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Rock Stars After 25 years, W&L faculty member Chris Connors teaches his swan song Spring Term class, Field Methods and Regional Geology of the Appalachians.

Decked out in reflective yellow vests, the students in the Spring Term Field Methods and Regional Geology of the Appalachians class slowly follow the paved road deep into the cellular service no-man’s land of Rockbridge County while their eyes continually scan the scenery. The green of mid-May in Appalachia means that already sparse outcrops of visible rock prove even more difficult to spot — especially to the non-geologist eye. But Chris Connors’ students know what to look for, and soon they start ducking under tree branches and weaving through brush to get a closer look.

Then the questions begin: What type of properties does this rock have? What are the characteristics? What is this formation? How far does it continue? And where is the contact point — the place where one rock formation ends and another begins?

With pens and clipboards in hand, they work through these questions in pairs and mark on the clear plexiglass covering their given topographic and lidar-derived maps and jot down notes in their yellow field books.

“You’re basically using logic to figure out what rock you’re on,” said Nikola Petrov ’26. “Each rock has a special little thing that everyone knows and can tell apart. So [Professor Connors] basically put us in a place and said, ‘Figure out what differentiates the rocks and draw that.’”

By the end of the week, after spending a few days in the field from 8:30 a.m. to 5 p.m. (or later), they turn in their geologic map to Connors, the William E. Pritchard III ’80 Professor of Earth and Environmental Geoscience.

“The map represents the surface of the Earth; it’s a bedrock geology, so what the rocks are in the area,” said Connors. “Here, there’s not a whole lot of exposure; most of it’s covered in trees or pastures. So [their map is] an interpretation. You get small outcrops, and you get another outcrop, and you make a series of guesses as you’re going along. It’s a challenge with multiple working hypotheses; you carry multiple ideas in your head about what’s going on, and you test them.”

FieldMethodsintheAppalachians06-600x400 Rock StarsJames Edwards ’25 and Abby Portwood ’24 work to identify a rock at Estaline Valley.

Connors took over this course from Ed Spencer ’53, Ruth Parmly Professor of Geology Emeritus, and Fred Schwab, professor of geology emeritus, when he started at Washington and Lee University in the fall of 1999. Unlike many other universities that only offer such “field camps” in the summer — with the majority taking place out West where formations are more visible and easier to map — the W&L Earth and Environmental Geoscience Department felt a commitment to teaching students mapping during the academic year and in the heart of the Appalachian Mountains.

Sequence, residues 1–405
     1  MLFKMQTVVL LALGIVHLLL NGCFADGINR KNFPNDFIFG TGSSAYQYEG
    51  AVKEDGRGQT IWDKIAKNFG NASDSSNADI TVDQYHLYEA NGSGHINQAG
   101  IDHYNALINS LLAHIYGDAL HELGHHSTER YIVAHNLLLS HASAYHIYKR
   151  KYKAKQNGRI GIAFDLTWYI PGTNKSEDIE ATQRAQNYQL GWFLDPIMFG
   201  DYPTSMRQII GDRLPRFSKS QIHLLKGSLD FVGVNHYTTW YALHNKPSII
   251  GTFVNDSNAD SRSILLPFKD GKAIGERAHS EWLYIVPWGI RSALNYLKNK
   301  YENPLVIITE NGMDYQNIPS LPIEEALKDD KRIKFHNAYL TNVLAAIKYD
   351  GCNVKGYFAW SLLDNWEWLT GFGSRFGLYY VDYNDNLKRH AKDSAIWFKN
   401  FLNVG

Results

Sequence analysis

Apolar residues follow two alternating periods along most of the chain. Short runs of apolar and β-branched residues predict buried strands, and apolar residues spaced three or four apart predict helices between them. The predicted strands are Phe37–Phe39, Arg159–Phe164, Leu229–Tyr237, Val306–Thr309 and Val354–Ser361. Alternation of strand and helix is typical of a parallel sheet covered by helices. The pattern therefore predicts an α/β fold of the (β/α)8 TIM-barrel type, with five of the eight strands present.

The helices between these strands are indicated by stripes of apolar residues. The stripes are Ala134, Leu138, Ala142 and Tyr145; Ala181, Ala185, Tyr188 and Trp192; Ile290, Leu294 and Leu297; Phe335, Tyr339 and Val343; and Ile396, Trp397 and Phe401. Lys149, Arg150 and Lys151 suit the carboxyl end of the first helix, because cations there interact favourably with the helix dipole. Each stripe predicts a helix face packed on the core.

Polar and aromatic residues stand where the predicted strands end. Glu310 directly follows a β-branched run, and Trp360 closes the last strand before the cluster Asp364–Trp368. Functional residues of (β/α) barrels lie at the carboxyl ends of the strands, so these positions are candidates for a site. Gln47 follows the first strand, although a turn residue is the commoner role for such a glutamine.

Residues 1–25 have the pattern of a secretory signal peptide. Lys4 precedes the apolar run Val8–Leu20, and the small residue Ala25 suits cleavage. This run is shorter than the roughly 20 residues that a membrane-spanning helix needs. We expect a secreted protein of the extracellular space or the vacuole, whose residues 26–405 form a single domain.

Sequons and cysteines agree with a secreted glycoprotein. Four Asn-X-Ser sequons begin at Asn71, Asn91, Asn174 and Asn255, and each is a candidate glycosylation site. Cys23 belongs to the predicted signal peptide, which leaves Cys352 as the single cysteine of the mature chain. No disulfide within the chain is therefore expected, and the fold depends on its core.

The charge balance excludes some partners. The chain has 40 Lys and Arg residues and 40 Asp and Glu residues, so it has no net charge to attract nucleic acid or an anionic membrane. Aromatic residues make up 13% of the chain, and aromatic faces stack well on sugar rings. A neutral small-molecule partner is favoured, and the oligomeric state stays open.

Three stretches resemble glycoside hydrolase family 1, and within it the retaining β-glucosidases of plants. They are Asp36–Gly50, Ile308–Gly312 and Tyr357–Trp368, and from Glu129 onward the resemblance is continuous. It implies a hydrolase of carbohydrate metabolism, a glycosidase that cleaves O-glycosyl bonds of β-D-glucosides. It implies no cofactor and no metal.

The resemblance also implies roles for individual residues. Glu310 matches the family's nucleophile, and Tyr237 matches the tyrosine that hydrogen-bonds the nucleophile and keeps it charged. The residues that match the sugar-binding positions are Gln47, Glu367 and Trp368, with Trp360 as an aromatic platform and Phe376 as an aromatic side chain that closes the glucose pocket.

“While field courses based further West are incredible, this field course is truly unique,” said Caroline O’Keefe Bork ’06, who is head of Permian geoscience at BP. “Not many undergraduate programs even offer a field methods course, let alone one in the Appalachians. We saw an incredible range of environments [during what was then a six-week term], including snow in May and exposure to outcrops found in few, if any other, locations on the planet.”

“I feel like one of the main pillars of Spring Term is immersing yourself in the topic, but out of my four Spring Terms — and even going abroad twice — there has been no class like this.” — Abby Portwood ’24

Some regions have flat-lying rock beds, and some are deformed. The Appalachians hold many folds – changes in the orientation of rock layers — and faults, which are breaks in the order sequence of bedrock. Whereas one can generally see the rock layers clearly in the Western U.S., the structures surrounding W&L are anything but flat and are rarely seen fully.

“The rocks are challenging here — then the fact that it’s mostly vegetated and covered makes it harder too,” Connors said. “There have been multiple events that have happened, so a lot of the regional aspect of this course is going through all the mountain-building events and rifting events.

“What I always tell students is: ‘If you can learn to map here in the Appalachians where it’s covered and geologically really complicated, then you can map anywhere.”

By this token, the class has earned a reputation throughout the years of being difficult yet one of the most important courses a geology major can take.

FieldMethodsintheAppalachians13-600x400 Rock StarsChris Connors, the William E. Pritchard III ’80 Professor of Earth and Environmental Geoscience, (center) helps Nikola Petrov ’26 (left) and Aden Boyd ’26 with their geologic map.